Saturday, March 8


Talk Left has some interesting statistics.

Do you know that if 8,000 voters come out in Wyoming today to select their 13 delegates that means that 615 Wyomingians will be selecting a delegate to our national convention (8000 divided by 13.) By contrast, when 4.4 million Californians voted in their primary, they selected 370 delegates, which is to say 1 delegate for every 11,892 Californian who voted.

The will of the people? Please never mention that phrase again when discussing the pledged delegate count.

From the thread: "The total vote to total delegates is listed as 8553 Obama to 9289 Clinton." In other words, Clinton has had to garner 736 more votes for every delegate she's gotten than Obama has had to get for every delegate he's earned. Boy, that's some disadvantage.

On the popular vote --

Among self-identified Democrats:

Without Florida and Michigan: Hillary +588,000
With Florida: Hillary +820,000
With Florida and Michigan: Hillary +933,000

On another note, I can't believe we've let another four years go by without fixing the Electoral College.

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A commenter asked for my views on negative advertising in campaigns.

It's hard to know when politics-as-usual crosses the line into dirty campaigning. I tend to distinguish "going negative" against one's opponent's record or position on issues, which I find perfectly acceptable as long as the opponent's stance is not distorted or clearly misrepresented, from "dirty tricks," which in my mind are not.

I put in the category of "dirty tricks" such techniques as push polls (e.g., "If you knew Hillary Clinton was a proven lesbian, would it change your opinion of her?" or "If you knew Barack Obama had funneled money to Al Qaeda, would that change your vote?"), doctored photos or video, taking an opponent's remarks out of context so as to distort their meaning ("Al Gore said he invented the Internet"), whisper campaigns based on easily disproven lies (e.g., Obama is a Muslim, John McCain had an illegitimate black baby), or advertising that conflates a candidate with an unpopular program with whom he/she is unrelated (e.g., Michael Dukakis and Willie Horton, Saxby Chambliss (R-GA) savaging incumbent senator and Vietnam hero Max Cleland with a TV ad depicting Cleland with Saddam Hussein and bin Laden). Other examples of dirty tricks are surreptitiously feeding the media fraudulent information or info against one's opponent that one doesn't have the courage to say openly; slander ("Hillary had Vince Foster murdered"); and ad hominem attacks ("Hillary Rotten Clinton, Her Thighness"; "Charlie Crist is gay"; "the Clintons will do anything to win"; "Obama isn't patriotic") that disparage personal characteristics or appeal to prejudice or perpetuate memes that cannot be proven.

That's why, to my mind, neither Hillary nor Barry have sunk to the level of "nasty" in the current campaign. Just as I think it's okay, even smart, of Hillary to question Obama's national security credentials and experience, I also think it's fine for BO to challenge her vote for the authorization of force in Iraq.

I'm not HAPPY with Clinton's raising of the not-yet-clarified connection of Barack with Rezko. I'm also not pleased by Obama's references to Bill Clinton's finances, for the same reason. In both cases, neither candidate has been shown to have acted dishonorably or illegally. But that's politics. (To raise the question of Whitewater, though, I think is rather unfair, since Hillary's behavior was thoroughly investigated and found to be legal. It was just a failed investment that lost the Clintons money.)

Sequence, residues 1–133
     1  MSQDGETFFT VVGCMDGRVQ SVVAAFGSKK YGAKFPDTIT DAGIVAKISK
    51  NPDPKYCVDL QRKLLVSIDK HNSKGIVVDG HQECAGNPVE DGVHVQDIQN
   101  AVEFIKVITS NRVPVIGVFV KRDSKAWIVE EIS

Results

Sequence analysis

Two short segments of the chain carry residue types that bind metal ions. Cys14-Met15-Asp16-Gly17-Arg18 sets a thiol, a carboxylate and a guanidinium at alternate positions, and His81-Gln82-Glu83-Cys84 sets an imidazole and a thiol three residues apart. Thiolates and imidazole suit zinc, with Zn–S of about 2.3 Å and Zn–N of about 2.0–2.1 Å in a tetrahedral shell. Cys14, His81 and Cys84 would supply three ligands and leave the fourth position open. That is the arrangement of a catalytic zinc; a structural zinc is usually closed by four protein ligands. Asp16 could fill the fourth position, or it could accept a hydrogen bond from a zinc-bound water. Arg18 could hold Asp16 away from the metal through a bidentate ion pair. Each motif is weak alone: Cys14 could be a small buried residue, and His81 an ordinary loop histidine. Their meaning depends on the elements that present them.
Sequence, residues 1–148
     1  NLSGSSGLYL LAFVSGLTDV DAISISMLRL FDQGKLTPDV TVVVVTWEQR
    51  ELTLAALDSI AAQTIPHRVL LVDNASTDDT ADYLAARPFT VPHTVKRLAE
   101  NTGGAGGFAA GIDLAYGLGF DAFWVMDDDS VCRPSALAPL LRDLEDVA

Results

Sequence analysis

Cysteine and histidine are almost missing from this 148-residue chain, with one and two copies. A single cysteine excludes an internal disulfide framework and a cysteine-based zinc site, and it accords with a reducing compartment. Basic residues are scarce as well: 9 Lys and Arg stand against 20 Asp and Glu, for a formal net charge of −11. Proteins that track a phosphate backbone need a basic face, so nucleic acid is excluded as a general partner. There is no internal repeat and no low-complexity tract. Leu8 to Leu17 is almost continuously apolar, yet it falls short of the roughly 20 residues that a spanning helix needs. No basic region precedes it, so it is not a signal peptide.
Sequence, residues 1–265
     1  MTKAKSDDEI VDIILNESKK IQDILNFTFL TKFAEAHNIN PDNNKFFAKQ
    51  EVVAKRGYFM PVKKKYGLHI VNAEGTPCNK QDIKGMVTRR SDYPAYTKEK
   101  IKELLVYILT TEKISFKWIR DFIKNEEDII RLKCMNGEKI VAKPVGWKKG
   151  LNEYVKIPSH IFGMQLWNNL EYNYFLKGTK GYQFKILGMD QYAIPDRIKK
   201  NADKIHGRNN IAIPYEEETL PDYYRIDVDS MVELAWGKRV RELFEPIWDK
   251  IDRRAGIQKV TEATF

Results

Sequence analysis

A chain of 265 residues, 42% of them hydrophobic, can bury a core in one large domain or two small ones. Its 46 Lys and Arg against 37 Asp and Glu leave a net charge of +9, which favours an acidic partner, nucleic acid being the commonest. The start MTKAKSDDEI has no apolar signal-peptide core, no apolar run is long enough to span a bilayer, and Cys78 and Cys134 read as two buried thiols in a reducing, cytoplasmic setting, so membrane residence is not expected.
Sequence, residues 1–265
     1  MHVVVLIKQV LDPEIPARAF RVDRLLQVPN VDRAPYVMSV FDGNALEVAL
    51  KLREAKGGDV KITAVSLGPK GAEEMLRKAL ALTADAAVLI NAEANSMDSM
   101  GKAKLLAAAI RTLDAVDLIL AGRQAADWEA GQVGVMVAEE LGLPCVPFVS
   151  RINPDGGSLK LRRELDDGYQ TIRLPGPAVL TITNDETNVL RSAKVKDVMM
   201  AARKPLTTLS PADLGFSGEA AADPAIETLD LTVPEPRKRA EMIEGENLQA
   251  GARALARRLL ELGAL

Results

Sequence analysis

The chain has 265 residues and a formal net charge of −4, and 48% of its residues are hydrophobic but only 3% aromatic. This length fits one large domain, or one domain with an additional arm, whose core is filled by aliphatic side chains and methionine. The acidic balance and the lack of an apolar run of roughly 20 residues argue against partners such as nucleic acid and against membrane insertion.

One of the ugliest things I've seen in recent years has been the "wink-wink" TV ad run against Democrat Harold Ford, Jr. in the Tennessee senatorial campaign of 2006. Now, THAT was nasty.

There's an interesting discussion of negative campaigning here.

As in so many things, I think it's a matter of the "eye of the beholder."

Note: Sorry I didn't have time to include many links or citations, but you can Google any reference you're fuzzy on.]

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Got back late last night from a week in Washington, D.C. And what a week!

I didn't get back to my hotel room until almost 11 p.m. Tuesday, where immediately after ordering some room service I turned on CNN and watched the election results -- fantastic! I stayed up until Texas was confirmed for Hillary. I'd been bummed because I missed the Texas caucas (had to vote early). My husband (The Sage) attended and reports that it was simply a matter of a vote count. After everyone had signed in and declared their allegiance, they disbanded without even selecting delegates. What's with that? If a caucus is simply another vote, what's the point of having both a primary and a caucus?

Had some interesting experiences during the week. The film crew I'd contracted with had been shooting an interview with Tony Blair the night before. As we discussed that, I discovered that they were to a man progressive Democrats -- all white men who had voted for Obama but were suffering some buyer's remorse. At every opportunity we talked politics. They do most of their work for FOX, shooting interviews with the likes of W and covering stories like MonicaGate. I expressed surprise that they can keep their feelings to themselves at such times, but they said, nah, it's just a job. The really surprising thing they told me is that most of the FOX folks are just like them. "It's only the bigwigs who are really wingnut partisans," they said. "Even the talent?" I asked. Well no, they replied. Some are just doing the job, but others are true believers.